‘Chak De India’: Hockey Junior World Cup title win for India after 15 years | other sports | Hindustan Times
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‘Chak De India’: Hockey Junior World Cup title win for India after 15 years

India scripted a new chapter in hockey history, regaining the hockey Junior World Cup after a gap of 15 years, defeating Belgium 2-1 in the final at the Major Dhyan Chand Stadium in Lucknow on Sunday.

other sports Updated: Dec 19, 2016 15:46 IST
Sharad Deep
Indian Junior hockey players celebrate with the winning trophy of the Junior World Cup Hockey 2016 after their victory over Belgium.
Indian Junior hockey players celebrate with the winning trophy of the Junior World Cup Hockey 2016 after their victory over Belgium.(PTI)

Hosts and former champions India scripted a new chapter in hockey history, regaining the Junior Men’s Hockey World Cup after a gap of 15 years, defeating Belgium 2-1 in the final at the Major Dhyan Chand Stadium in Lucknow on Sunday. (HIGHLIGHTS)

The Cup adds another jewel to India’s golden hockey history, which boasts of eight Olympic titles and one World Cup at the senior level.

In the process of winning their second title, India achieved another first as this was the first time that a host nation has won the Cup in 11 editions.

Playing their third final ever in the Junior World Cup, India, who won their maiden Cup in 2001 in Hobart, Australia, and had finished runners-up in 1997 at Milton Keynes, came up on top when it mattered the most.

Gurjant Singh and Simranjeet Singh scored for India as Harjeet Singh and Co left the 17,000-odd crowd celebrating the New Year in advance. For Belgium, this was their second biggest defeat of the year, after losing to Argentina 0-1 in the Rio Olympics final.

Fans started dancing to Bollywood numbers as soon as the final hooter blared. Interestingly, it was after Belgium scored their only goal off a penalty-corner seconds before the hooter. With the crowd chanting ‘Bharat Mata Ki Jai, Jitega Bhai Jitega India Jitega and Jiski Field, Uski Shield’ India dominated the proceedings from the start and never allowed Belgium to pose any serious threat.

They ran like a well-oiled machine, and kept toying with the Belgians. Unlike their 10th place finish in their last appearance on home turf in 2013 in New Delhi, India had a great start in the final too.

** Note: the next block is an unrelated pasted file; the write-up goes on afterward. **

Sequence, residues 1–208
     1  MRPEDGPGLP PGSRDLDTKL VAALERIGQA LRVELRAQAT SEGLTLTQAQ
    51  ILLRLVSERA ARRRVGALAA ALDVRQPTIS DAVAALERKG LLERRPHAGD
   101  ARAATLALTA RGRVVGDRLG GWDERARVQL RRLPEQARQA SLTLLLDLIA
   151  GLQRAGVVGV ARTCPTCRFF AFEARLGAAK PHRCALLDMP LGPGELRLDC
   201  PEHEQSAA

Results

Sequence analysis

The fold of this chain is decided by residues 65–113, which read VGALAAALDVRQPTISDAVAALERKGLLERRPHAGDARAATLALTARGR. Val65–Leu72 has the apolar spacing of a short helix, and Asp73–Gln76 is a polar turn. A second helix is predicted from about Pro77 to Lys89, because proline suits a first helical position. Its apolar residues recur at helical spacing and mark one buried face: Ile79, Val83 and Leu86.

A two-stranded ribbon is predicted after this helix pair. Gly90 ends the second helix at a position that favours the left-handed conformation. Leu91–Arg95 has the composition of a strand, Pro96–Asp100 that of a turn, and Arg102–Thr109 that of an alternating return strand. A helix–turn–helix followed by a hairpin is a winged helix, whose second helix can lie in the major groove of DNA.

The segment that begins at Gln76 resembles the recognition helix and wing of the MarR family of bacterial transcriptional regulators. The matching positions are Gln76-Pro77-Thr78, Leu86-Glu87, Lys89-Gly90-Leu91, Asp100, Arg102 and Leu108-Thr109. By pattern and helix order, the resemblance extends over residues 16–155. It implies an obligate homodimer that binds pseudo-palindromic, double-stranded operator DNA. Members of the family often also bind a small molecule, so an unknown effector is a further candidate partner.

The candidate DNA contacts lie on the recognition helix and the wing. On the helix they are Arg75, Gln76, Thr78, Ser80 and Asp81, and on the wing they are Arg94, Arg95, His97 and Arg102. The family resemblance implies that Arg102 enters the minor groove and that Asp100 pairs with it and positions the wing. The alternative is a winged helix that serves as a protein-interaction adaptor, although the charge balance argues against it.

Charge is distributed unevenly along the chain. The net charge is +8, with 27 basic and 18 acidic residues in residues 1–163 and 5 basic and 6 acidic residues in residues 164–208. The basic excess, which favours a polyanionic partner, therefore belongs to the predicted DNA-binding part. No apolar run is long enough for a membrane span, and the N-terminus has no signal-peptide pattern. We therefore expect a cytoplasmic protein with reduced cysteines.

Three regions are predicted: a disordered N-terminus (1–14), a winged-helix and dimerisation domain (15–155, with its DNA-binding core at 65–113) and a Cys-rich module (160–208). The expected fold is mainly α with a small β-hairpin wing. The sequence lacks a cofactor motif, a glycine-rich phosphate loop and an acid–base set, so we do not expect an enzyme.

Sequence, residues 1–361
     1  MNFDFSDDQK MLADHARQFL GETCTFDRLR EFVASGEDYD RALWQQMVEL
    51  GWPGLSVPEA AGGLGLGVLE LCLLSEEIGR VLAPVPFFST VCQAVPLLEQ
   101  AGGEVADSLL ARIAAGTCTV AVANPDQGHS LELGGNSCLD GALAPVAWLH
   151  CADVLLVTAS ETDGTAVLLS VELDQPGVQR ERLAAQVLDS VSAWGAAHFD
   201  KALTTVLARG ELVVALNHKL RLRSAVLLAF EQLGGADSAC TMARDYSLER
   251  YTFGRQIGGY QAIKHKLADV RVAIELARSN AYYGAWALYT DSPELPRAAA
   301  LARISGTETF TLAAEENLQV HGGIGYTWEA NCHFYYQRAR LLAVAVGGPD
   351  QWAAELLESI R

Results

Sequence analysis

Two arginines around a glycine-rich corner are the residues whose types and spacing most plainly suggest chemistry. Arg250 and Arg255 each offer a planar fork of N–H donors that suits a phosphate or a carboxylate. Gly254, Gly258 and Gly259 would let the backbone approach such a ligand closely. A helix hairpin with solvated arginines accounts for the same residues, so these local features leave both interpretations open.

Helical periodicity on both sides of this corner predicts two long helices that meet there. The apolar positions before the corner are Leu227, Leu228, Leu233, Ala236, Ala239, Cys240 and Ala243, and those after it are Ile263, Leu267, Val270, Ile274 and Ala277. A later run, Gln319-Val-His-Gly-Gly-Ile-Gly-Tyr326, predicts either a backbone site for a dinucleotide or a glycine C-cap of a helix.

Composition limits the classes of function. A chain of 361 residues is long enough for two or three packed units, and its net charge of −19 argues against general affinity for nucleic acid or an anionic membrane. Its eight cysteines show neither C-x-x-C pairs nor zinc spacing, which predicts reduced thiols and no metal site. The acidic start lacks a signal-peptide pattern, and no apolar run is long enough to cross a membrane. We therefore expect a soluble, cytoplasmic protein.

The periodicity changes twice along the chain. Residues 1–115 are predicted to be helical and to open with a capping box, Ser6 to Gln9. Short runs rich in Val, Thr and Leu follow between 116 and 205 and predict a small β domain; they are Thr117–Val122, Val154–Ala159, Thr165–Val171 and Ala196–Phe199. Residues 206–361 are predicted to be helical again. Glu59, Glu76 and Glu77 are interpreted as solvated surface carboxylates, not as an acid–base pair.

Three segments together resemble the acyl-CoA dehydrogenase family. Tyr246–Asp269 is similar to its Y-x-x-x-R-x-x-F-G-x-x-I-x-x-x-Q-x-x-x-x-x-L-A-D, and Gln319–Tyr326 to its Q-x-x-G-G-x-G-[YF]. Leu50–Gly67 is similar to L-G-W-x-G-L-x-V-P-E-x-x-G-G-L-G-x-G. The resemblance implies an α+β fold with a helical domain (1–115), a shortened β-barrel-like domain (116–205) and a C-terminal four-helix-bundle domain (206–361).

India earned two penalty-corners in the first six minutes of the game, but both went in vain. It was a quick-moving Gurjant, who had everybody in the stadium celebrating as India translated their dominance into their first goal, scoring in the eight minute from the left-flank with a reverse hit.

In fact, Sumit scooped the ball well, which bounced back after hitting the Belgian keeper Loic Van Doren’s chest, and before he could clear the ball Gurjant pounced on the opportunity and swung his stick to see the ball zoom into the net. India scored their second goal in the 22nd minute when Simranjeet too struck a field goal on an accurate cross from Nilkanta Sharma.

Indians continued to surprise the rivals with their brilliance and earned three more penalty-corners after the change of ends, but as happened in the past, the hosts couldn’t convert even one. Ten minutes before the end, an unmarked Gurjant came close to scoring his second goal of the match but his march was stopped by an onrushing Belgian custodian Van Doren who did enough to avert the danger.

With nothing to lose, Belgium gave their all in the final few minutes and managed to secure two consecutive penalty-corners just 20 seconds from the final hooter, the second of which was converted by Van Bockrijck to give some consolation to the visitors.

Six-time champions and title holders Germany pocketed the bronze medal earlier in the day, defeating Australia 3-0 in the third-fourth place play-off match.